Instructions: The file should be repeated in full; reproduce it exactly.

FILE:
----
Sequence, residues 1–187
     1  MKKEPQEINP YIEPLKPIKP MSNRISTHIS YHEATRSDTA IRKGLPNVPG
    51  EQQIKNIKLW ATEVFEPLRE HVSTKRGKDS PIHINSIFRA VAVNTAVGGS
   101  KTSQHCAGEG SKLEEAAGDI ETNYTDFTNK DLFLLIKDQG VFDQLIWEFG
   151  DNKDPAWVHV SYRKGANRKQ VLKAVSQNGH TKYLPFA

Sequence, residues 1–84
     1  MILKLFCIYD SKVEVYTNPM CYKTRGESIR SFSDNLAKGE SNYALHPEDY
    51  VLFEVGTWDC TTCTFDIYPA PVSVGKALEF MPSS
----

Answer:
Sequence, residues 1–187
     1  MKKEPQEINP YIEPLKPIKP MSNRISTHIS YHEATRSDTA IRKGLPNVPG
    51  EQQIKNIKLW ATEVFEPLRE HVSTKRGKDS PIHINSIFRA VAVNTAVGGS
   101  KTSQHCAGEG SKLEEAAGDI ETNYTDFTNK DLFLLIKDQG VFDQLIWEFG
   151  DNKDPAWVHV SYRKGANRKQ VLKAVSQNGH TKYLPFA

Sequence, residues 1–84
     1  MILKLFCIYD SKVEVYTNPM CYKTRGESIR SFSDNLAKGE SNYALHPEDY
    51  VLFEVGTWDC TTCTFDIYPA PVSVGKALEF MPSS